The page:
Lufthansa Group’s overall results improved in the first quarter, although rising fuel costs held back the recovery of its passenger airline business during the first three months of the year.
The German airline group reported an overall first-quarter net loss of €584 million ($618 million), compared with a €1.05 billion net loss in the same period a year ago.
While its overall adjusted EBIT improved 44% to €591 million, there was a slower a recovery in its passenger airline division as losses narrowed to €1.14 billion from €1.36 billion a year ago. Lufthansa attributes this to rising fuel costs and low load factors at the beginning of the quarter.
However, the group says that yields were “close to pre-crisis levels”, and passenger demand began to “strongly” recover in March. Its full-year forecast for an improvement in adjusted EBIT remains unchanged.
“The restrictions on air traffic have been largely overcome,” says Lufthansa chief executive Carsten Spohr. “The past few weeks in particular have clearly shown how great people’s desire to travel is.”
Lufthansa Group carried 13 million passengers in the first quarter, up from 3 million in the first three months of 2021. It “significantly increased” capacity towards the end of the quarter, and says that average capacity was 57% of pre-pandemic levels.
Bookings increased “sharply” towards the end of the first quarter, particularly for flights to the USA, South America and Mediterranean destinations. The group expects to operate 75% of pre-pandemic capacity in the second quarter, rising to 95% and 85% on European short-haul and transatlantic routes, respectively.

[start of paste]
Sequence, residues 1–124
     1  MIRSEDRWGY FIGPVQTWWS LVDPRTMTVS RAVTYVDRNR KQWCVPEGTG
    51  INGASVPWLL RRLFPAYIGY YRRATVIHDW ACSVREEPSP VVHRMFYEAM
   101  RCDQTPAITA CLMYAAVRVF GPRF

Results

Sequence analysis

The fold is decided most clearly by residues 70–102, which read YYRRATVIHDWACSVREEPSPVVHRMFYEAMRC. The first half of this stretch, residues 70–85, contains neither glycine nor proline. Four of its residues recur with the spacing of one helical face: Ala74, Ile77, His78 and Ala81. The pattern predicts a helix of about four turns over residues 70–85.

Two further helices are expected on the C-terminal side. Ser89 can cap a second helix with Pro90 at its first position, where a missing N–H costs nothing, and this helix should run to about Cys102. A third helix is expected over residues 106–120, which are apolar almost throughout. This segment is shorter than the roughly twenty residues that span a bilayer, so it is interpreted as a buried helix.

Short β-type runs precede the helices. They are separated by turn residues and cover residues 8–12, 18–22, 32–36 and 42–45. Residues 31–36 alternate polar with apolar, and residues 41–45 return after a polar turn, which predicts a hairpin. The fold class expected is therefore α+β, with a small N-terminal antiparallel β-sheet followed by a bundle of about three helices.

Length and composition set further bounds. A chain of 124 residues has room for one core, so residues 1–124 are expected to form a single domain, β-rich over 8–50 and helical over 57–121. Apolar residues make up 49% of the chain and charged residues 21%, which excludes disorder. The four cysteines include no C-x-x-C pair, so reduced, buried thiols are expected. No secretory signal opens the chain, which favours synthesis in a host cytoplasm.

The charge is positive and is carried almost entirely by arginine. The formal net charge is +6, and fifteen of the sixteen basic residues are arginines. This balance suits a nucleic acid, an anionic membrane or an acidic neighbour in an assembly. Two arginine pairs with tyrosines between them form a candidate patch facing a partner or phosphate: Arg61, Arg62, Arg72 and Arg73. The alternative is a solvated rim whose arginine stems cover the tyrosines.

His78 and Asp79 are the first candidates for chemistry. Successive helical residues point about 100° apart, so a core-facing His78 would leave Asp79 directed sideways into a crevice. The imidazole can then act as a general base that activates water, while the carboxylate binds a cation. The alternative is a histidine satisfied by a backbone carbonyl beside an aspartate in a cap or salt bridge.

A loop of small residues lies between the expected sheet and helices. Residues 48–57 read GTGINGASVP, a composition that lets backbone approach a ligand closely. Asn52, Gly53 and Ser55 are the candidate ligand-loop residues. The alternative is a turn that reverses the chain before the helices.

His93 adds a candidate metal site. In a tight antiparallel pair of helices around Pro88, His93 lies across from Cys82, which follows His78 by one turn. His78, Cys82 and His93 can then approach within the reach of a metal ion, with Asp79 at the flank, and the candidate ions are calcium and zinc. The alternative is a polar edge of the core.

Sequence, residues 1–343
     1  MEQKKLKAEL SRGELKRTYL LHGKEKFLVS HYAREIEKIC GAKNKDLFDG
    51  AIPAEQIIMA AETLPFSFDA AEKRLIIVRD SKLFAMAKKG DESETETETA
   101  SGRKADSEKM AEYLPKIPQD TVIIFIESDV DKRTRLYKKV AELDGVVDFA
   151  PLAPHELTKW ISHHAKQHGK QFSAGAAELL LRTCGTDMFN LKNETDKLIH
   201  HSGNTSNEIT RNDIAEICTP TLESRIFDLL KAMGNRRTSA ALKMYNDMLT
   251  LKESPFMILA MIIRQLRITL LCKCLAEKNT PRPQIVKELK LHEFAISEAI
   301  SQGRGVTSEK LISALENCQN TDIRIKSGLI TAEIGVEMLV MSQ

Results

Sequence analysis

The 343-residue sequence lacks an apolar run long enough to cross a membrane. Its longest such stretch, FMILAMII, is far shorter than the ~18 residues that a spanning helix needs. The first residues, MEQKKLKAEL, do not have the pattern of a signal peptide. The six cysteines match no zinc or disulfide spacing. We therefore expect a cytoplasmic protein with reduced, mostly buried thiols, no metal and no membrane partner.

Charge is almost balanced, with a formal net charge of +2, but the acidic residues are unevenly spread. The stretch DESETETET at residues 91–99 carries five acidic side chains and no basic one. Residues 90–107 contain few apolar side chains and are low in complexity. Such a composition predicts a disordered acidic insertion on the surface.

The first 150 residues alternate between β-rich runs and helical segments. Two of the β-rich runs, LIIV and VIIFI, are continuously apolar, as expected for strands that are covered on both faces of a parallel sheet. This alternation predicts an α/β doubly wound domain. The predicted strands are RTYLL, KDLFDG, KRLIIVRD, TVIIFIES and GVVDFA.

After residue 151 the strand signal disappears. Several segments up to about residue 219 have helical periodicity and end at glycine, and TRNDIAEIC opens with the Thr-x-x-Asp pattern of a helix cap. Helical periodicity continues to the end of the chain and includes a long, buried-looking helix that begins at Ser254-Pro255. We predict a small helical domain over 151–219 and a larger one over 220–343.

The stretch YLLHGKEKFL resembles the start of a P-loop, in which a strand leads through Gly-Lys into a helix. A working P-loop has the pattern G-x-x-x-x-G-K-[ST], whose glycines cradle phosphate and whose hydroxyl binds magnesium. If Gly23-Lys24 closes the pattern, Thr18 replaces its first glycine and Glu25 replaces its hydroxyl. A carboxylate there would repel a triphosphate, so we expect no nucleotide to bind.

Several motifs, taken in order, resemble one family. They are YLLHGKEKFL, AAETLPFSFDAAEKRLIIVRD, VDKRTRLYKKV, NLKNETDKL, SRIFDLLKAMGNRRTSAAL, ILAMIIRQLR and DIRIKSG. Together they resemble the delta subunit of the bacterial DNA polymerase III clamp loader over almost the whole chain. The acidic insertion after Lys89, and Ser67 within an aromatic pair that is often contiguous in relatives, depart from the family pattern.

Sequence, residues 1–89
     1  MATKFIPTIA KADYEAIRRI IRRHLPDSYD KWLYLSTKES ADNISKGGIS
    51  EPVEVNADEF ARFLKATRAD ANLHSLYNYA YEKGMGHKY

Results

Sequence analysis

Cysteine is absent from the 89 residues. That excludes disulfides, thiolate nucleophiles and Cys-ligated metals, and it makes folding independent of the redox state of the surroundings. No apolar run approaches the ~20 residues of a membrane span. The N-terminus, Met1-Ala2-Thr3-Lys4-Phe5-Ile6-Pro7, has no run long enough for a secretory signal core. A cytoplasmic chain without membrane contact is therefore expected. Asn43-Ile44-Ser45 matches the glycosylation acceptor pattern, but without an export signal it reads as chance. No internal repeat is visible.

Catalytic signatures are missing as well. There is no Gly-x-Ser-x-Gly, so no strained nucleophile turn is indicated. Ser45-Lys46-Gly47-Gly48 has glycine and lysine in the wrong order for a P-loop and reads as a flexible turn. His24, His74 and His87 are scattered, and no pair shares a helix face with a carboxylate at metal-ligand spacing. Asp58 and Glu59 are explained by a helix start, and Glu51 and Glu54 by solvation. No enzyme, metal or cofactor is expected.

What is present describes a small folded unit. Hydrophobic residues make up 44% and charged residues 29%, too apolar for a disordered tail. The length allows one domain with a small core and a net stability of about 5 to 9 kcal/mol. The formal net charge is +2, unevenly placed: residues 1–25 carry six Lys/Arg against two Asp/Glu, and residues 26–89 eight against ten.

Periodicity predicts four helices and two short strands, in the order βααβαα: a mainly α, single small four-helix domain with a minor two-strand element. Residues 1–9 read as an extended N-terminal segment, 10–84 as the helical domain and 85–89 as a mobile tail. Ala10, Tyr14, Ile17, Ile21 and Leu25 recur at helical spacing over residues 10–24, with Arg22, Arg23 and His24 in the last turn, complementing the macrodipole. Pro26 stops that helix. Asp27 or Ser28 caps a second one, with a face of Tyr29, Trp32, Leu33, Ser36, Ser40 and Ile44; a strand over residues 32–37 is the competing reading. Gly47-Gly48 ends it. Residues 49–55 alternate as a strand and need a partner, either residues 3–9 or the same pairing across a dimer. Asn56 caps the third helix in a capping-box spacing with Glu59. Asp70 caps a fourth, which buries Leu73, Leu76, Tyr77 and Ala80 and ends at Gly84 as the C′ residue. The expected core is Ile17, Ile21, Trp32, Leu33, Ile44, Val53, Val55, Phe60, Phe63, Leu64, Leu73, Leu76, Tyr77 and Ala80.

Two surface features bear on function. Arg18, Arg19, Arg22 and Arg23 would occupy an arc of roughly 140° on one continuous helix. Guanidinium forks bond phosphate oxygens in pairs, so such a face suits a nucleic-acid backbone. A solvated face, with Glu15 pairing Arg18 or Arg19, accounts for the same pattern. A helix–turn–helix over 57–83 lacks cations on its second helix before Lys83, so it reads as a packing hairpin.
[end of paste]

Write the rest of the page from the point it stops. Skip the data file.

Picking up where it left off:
Group-wide revenue more than doubled to €5.36 billion in the first three months of 2022. Passenger airline revenue grew to €3.02 billion from €961 million the previous year. The biggest improvement in adjusted EBIT was at Swiss, where this loss narrowed to €62 million from €211 million a year ago. Lufthansa says it will terminate stabilisation measures in Switzerland ahead of schedule in the second quarter.
Increased profits at its cargo and MRO units helped further drive the group’s improved first quarter performance. Lufthansa reported a 57% improvement in adjusted EBIT profit in its cargo division, to €495 million, on the back of continued strong demand for air freight amid disrupted global supply chains.
Lufthansa Technik’s adjusted EBIT profit also improved, from €45 million a year ago to €120 million, but the figure for its catering division worsened to a €14 million loss from an €8 million loss a year earlier. LSG faced a “challenging” market environment in the first quarter, which was compounded by the absence of government support measures in the USA, says Lufthansa.
Lufthansa Group ended the period with €9.9 billion of available liquidity, up from €9.4 billion at the end of 2021.
“Demand has recovered faster and stronger than expected in recent weeks,” says Lufthansa chief financial officer Remco Steenbergen. “The current level of bookings gives us confidence that our financial results will further improve in the coming quarters.”
However, he warns that Lufthansa “must pass through rising costs to customers”.